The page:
EDITORS NOTE Unless you need the money back in your account, travellers will be doing themselves and the travel industry a huge favour by postponing or rescheduling rather than cancelling bookings. Refunds are the one factor that are threatening the survival of the travel industry, particularly travel agents.


With most insurance policies, you can claim a refund for insurance not used, for example when you sell a car or house. Travel insurance it seems is a different beast. I recently took out travel insurance with Worldcare for a 10-week trip to Europe. Like a lot of other travellers our trip was cut short and I was back after four weeks. I rang the insurance company to see if I could get a refund for the remaining unused weeks. No, they said, even if you have to come back after one day, you lose the lot. Why is this acceptable?

Jose Coelho, Randwick, NSW


If you want to keep the travel industry alive don't stop publishing Traveller in print - double it in size. This is the time everyone has to absorb travel stories as we are all working from home and suffering from complete isolation and boredom. I liked to make notes or rip out the newspaper article and on my next overseas trip pull out all of my research. Right now we all need to dream of travelling. I should be in Japan as I write this and will still be going once the ban is lifted. Keep our dreams alive and encourage travellers to support the industry in droves once the ban is lifted We are in unprecedented times. Bring the print Traveller back. No one's going anywhere. We're just trying to read where we'd like to be - Aussies are huge travellers and this will never change

Kerrie Newton, Glebe, NSW

EDITOR'S NOTE: While we understand your disappointment in not having our weekly print editions of Traveller at present, you will find new features and travel news daily here on We're also encouraging readers to share their own travel inspiration Instagram and Twitter using the hashtag #travelleraudream to help keep those travel dreams alive.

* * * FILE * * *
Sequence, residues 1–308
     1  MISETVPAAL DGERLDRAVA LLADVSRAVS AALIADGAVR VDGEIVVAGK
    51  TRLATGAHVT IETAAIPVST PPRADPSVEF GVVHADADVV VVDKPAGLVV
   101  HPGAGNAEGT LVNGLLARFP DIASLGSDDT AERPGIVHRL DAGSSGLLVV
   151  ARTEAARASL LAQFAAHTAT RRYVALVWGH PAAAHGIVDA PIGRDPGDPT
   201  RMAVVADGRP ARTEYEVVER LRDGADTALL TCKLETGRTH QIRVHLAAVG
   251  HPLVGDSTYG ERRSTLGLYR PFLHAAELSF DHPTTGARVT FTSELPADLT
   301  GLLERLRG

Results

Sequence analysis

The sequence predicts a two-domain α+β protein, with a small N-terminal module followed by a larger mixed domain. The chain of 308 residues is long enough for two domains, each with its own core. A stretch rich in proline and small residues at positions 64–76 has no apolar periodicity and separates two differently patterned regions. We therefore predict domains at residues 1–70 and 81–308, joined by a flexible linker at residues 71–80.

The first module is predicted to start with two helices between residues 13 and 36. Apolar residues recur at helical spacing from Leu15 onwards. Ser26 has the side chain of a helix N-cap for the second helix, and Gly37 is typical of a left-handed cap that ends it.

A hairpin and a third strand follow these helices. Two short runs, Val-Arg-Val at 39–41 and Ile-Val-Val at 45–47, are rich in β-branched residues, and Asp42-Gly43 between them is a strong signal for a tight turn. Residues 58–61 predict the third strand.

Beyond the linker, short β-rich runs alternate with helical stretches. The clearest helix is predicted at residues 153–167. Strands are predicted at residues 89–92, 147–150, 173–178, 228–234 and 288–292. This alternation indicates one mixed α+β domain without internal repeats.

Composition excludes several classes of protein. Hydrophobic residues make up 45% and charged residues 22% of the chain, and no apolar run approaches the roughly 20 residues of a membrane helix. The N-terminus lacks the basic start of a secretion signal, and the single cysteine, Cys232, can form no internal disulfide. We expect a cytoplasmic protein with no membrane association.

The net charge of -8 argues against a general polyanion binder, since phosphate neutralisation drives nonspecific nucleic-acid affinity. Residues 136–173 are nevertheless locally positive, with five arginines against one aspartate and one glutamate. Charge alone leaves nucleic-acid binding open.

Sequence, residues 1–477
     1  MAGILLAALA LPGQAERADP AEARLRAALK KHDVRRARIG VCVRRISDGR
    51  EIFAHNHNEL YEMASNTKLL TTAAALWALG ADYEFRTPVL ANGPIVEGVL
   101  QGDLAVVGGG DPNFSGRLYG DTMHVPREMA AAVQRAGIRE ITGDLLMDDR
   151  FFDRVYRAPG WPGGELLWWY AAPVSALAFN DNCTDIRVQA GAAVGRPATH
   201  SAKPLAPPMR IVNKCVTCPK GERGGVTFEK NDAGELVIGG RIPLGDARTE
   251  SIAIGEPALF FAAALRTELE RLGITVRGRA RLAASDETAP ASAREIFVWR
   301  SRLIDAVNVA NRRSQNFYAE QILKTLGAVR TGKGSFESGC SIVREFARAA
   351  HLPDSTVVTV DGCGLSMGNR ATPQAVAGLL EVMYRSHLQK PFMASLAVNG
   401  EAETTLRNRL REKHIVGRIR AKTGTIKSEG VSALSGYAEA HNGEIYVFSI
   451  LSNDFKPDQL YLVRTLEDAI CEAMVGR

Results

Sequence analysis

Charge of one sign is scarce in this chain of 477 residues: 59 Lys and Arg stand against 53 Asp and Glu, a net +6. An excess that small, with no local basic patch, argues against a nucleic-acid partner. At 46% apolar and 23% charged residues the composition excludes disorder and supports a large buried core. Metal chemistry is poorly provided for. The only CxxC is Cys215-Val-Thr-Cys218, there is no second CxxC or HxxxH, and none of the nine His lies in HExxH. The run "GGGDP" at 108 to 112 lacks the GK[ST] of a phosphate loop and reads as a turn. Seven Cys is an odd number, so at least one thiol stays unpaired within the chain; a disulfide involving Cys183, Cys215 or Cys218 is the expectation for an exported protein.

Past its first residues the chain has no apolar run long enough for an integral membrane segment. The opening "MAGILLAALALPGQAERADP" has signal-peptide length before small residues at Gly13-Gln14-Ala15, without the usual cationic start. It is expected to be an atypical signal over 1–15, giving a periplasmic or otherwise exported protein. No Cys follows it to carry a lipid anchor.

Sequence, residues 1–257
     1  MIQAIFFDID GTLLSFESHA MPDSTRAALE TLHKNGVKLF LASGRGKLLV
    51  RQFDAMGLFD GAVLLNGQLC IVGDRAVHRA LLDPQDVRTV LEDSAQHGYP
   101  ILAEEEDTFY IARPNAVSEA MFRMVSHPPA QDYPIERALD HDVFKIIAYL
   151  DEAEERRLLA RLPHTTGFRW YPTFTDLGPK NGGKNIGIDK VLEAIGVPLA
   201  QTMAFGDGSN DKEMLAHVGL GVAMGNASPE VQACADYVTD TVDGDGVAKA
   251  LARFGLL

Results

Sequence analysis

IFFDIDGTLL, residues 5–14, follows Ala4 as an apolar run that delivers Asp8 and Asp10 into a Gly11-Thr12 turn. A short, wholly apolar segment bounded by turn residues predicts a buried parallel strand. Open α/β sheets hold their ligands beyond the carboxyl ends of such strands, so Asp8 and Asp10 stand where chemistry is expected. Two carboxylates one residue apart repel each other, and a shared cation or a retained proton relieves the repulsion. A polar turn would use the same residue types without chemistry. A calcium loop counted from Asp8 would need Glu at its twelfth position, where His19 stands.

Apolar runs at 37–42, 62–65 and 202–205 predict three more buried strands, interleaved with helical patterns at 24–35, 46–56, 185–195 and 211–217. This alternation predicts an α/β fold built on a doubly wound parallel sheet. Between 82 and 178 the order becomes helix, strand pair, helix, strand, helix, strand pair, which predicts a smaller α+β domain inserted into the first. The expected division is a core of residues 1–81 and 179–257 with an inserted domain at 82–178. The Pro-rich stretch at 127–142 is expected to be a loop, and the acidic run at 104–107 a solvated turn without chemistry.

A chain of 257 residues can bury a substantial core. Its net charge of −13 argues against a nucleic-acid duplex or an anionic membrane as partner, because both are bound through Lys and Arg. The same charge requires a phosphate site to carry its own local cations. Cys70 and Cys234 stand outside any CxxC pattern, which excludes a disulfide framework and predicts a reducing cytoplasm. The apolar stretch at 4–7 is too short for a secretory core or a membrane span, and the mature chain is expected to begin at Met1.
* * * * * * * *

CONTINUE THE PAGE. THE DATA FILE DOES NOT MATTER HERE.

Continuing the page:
I returned from Japan in mid-February only to find that my cosy cardigan purchased in Ireland some years ago had been left on the internal flight from Sapporo to Osaka some days prior. It was of sentimental value as well as being my "go to" woollen on very cold days. I contacted Japan Airlines by email with the details and I heard back that my cardigan had been located in the Osaka airport police station. JAL then sent me a form to fill out giving them permission to collect the item. The next step was a phone call from JAL at Melbourne Airport – they had my cardigan. Great excitement. Living some distance from Melbourne, along with current restrictions due to coronavirus, meant that I had to find another way to be reunited with my cardigan. I sent off a postal bag and hey presto in today's mail is my cardigan along with a handwritten note. Thank you Japan Airlines. You went way beyond the call of duty.

Sue Reilly, Ocean Grove, VIC


I've been trying to get refunds for bookings across three platforms for a domestic holiday we had booked over Easter. All of the bookings had been paid in full. Airbnb was the easiest, although in our case the owner decided to take the property off the market so they were the one doing the cancelling. Stayz required a week's worth of e-mails to the property owner, to Stayz and to their parent company, Homeaway. Eventually they approved the refund (which we should see in a few weeks' time). We are now two weeks into our correspondence with including e-mails and several phone calls and, despite the property owner agreeing to a full refund, is still not coming to the party. Their latest requirement was for me to provide them with proof that Western Australia has travel restrictions in place.

Colin Campbell, Coogee, NSW